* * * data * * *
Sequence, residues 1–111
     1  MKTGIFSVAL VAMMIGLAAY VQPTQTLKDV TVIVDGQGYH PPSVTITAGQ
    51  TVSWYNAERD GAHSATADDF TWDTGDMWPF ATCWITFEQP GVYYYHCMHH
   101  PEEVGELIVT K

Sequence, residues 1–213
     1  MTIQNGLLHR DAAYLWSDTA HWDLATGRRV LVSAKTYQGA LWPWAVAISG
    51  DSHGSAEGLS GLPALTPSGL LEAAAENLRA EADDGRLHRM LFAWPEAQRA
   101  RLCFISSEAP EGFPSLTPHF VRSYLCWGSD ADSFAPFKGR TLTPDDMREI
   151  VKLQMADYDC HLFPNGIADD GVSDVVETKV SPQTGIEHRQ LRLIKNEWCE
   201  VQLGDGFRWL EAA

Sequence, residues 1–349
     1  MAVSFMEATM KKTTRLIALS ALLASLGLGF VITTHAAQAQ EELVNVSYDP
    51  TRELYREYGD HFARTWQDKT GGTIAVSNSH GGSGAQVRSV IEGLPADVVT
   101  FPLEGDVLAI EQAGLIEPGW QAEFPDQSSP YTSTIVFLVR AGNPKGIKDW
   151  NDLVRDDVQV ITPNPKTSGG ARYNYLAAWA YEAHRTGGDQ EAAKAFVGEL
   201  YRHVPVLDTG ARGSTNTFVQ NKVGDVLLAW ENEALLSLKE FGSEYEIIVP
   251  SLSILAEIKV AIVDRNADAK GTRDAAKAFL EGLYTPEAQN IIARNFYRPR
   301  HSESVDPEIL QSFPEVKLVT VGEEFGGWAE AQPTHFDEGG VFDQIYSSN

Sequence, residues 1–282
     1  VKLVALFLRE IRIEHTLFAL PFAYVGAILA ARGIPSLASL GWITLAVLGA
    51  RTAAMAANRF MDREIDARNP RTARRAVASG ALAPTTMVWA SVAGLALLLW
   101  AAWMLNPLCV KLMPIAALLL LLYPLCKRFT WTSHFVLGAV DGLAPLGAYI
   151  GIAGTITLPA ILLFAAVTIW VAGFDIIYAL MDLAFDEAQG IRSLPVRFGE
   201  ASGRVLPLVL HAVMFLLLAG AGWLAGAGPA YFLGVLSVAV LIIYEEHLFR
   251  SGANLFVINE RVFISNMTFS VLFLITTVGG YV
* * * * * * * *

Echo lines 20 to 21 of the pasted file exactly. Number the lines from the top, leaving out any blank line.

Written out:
     1  VKLVALFLRE IRIEHTLFAL PFAYVGAILA ARGIPSLASL GWITLAVLGA
    51  RTAAMAANRF MDREIDARNP RTARRAVASG ALAPTTMVWA SVAGLALLLW